Treasury remains tight-lipped on furlough flexibility

By Emily Hawkins contact

- Last updated on GMT

Financial support: night-life bosses have said a 'crisis' is approaching as bosses will be expected to contribute 10% of furlough costs despite ongoing closures (image: Getty/Tomas Sereda)
Financial support: night-life bosses have said a 'crisis' is approaching as bosses will be expected to contribute 10% of furlough costs despite ongoing closures (image: Getty/Tomas Sereda)

Related tags: Nightclub, Treasury, Boris johnson, Night time economy, Sacha Lord, coronavirus, Legislation, Furlough

The Treasury has been reticent to confirm whether it is considering excluding some businesses from the upcoming changes to the Coronavirus Job Retention Scheme (CJRS).

Employers will have to pay 10% of the costs in July and 20% in August and September despite operators’ crushed hopes about reopening this month.

Night-life bosses have called for flexibility after the Prime Minister announced a four week delay to the lifting of pandemic restrictions and pushed back the reopening of nightclubs until 19 July.

The Night-Time Industries Association called for the exclusion of closed businesses from proportionate furlough contribution and said one in four of its members believe they will not survive longer than a month without further support.

A Treasury spokesperson stressed the support available for businesses when asked by The Morning Advertiser (MA)​ about the possibility of sector-specific amends.

Long support

They said: “The furlough scheme is in place until September – we deliberately went long with our support to provide certainty to people and businesses over the summer.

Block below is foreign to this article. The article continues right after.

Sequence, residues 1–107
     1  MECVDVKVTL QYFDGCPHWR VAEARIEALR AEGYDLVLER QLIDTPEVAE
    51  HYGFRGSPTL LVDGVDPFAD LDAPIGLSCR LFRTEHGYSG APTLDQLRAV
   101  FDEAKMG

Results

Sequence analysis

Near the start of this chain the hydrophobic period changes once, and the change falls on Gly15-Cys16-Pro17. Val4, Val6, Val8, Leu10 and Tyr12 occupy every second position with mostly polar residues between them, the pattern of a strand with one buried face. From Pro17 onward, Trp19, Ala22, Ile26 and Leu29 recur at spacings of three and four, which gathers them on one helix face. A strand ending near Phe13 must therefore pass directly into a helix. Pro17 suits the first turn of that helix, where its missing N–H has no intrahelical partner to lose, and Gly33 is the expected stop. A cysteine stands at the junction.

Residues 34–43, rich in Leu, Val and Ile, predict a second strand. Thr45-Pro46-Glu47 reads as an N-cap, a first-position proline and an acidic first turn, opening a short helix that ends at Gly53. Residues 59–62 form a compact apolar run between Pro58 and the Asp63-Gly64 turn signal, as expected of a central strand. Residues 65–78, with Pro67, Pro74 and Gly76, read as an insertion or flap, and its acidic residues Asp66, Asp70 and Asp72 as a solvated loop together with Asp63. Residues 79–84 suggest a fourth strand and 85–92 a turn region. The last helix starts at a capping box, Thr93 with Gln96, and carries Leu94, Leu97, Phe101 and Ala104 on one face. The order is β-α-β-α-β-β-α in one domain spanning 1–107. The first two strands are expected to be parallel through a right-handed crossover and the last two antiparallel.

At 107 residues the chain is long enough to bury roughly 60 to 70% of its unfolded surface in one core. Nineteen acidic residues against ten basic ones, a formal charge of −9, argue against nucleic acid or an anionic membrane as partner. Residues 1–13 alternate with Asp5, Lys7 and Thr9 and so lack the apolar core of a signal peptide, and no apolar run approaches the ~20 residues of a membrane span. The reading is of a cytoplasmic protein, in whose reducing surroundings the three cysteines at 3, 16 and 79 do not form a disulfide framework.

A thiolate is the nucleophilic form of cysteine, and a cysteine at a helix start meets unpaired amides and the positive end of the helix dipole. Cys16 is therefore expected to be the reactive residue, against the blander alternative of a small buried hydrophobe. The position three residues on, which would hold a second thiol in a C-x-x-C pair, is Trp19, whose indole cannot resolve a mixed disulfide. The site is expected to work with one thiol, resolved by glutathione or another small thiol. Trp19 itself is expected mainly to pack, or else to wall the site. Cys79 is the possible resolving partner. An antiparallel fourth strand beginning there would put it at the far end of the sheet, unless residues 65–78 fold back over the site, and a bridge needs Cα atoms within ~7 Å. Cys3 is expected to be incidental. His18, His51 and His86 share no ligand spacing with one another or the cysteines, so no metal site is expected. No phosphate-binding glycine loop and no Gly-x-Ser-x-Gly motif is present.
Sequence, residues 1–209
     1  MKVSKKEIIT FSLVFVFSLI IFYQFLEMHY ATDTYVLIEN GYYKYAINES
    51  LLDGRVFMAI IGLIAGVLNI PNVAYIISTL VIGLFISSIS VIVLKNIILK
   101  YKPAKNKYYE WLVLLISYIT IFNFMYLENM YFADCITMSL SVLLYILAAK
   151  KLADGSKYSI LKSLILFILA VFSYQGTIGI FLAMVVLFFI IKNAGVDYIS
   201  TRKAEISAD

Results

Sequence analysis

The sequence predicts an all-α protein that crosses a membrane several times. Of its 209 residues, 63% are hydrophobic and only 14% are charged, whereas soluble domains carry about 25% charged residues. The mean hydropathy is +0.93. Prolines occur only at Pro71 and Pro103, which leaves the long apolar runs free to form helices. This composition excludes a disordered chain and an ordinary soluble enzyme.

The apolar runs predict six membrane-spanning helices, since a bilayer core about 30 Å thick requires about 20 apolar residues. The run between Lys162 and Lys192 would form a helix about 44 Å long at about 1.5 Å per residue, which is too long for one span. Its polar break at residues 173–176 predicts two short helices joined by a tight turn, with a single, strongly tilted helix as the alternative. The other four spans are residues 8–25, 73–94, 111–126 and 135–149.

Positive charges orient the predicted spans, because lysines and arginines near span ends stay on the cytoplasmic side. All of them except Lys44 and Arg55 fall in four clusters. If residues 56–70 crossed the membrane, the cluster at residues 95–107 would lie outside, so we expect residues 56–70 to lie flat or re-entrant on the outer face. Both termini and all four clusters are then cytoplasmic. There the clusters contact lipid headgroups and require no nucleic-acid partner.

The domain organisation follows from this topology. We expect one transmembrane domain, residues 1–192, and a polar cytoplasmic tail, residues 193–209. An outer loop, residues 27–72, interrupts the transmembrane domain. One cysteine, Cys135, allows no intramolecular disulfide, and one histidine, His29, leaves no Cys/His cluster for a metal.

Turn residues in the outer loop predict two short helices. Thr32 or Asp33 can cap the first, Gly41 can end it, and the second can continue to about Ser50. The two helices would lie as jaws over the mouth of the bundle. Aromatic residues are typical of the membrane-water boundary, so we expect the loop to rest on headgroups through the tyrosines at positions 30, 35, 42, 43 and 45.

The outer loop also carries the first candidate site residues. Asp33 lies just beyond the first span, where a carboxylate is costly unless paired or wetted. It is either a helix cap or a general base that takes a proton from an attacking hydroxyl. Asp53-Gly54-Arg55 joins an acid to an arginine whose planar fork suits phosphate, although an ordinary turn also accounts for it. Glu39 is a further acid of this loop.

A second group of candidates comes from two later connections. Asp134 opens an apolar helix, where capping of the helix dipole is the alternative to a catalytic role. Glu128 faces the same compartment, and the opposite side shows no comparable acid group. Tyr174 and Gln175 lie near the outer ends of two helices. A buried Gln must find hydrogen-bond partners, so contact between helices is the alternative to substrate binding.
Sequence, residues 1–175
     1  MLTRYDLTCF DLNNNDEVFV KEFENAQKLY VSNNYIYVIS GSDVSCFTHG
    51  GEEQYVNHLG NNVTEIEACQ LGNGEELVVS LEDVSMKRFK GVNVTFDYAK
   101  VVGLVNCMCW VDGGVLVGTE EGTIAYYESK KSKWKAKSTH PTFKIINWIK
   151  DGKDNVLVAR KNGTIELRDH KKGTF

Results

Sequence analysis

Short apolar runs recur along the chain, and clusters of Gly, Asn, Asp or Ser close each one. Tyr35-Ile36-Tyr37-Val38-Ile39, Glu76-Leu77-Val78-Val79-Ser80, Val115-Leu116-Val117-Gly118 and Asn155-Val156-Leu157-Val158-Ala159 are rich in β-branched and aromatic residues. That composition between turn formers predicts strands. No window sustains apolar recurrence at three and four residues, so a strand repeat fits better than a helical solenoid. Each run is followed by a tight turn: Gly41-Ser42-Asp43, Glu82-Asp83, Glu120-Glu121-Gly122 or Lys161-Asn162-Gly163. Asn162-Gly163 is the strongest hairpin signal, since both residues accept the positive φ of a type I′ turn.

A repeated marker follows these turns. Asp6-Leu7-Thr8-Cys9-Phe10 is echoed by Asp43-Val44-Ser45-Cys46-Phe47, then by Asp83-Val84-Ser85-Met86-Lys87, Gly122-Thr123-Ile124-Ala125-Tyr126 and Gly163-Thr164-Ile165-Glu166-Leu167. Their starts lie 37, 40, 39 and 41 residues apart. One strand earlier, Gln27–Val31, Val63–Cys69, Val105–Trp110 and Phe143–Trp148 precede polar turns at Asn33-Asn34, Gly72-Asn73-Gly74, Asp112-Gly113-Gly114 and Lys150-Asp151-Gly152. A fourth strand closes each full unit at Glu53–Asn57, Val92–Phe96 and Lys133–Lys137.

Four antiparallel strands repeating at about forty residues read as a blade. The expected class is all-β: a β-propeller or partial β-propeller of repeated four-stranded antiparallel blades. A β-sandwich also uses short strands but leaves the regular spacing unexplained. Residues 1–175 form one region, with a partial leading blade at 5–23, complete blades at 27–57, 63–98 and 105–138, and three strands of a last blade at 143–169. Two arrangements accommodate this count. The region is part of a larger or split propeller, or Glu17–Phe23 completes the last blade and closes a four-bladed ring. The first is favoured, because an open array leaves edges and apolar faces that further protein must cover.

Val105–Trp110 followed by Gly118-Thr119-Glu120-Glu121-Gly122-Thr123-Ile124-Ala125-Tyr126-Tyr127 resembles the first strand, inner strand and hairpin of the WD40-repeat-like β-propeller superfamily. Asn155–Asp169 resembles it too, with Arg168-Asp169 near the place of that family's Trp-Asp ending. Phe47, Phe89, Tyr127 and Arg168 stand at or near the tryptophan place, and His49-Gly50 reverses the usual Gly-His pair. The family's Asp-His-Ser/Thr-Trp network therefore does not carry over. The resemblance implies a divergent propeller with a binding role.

“To date, the furlough scheme has supported over 11.5m jobs at a cost of nearly £65bn.

“The number of people on the furlough scheme has already fallen to the lowest level this year with more than a million coming off the scheme in March and April – showing our Plan for Jobs is working.

“Businesses can continue to access other support including business rates cuts, VAT cuts, and our Recovery Loan scheme.”

A delay to the roadmap would not necessitate further support for night-life businesses as the 21 June date was always billed as just the earliest date for scrapping restrictions and never certain, The MA ​understands.

Support measures

The Government stance is that generous support - including discretionary funding via local authorities - is already in place for businesses after Chancellor Rishi Sunak extended support measures including furlough beyond 21 June.

The commercial eviction ban was extended for nine months until 25 March 2022 after Treasury secretary Stephen Barclay told MPs that the roadmap delay "presents additional challenges" for businesses.

The furlough scheme sees the Government cover 80% of a staff’s wages for hours not worked, up to a cap of £2,500 per month, until the end of September. 

Operators are already paying National Insurance and pension contributions towards the CRJS.

Chancellor Sunak’s Budget announcement of the gradual easing of support was met with concern from trade bosses.

Inevitable crisis

“It will place unnecessary pressure on fragile businesses just as they are beginning to get back to their feet,” UKHospitality boss Kate Nicholls said in March.

Night-time economy adviser for Greater Manchester, Sacha Lord, described the approaching additional costs as “a clear and inevitable crisis about to take place” given that “huge parts” of the nightlife sector remained closed.

He explained: "As of the end of the month, we'll not only see a 10% increase in furlough contributions, but the relief rate for hospitality drops from 100% to 66%.

"Factor in that huge parts of the nightlife sector are not even open yet, and we have a clear and inevitable crisis about to take place.”

Lord and the NTIA are readying themselves to launch a legal attack on the Government in the event that the removal of restrictions is delayed beyond 19 July.

Related topics: Legislation

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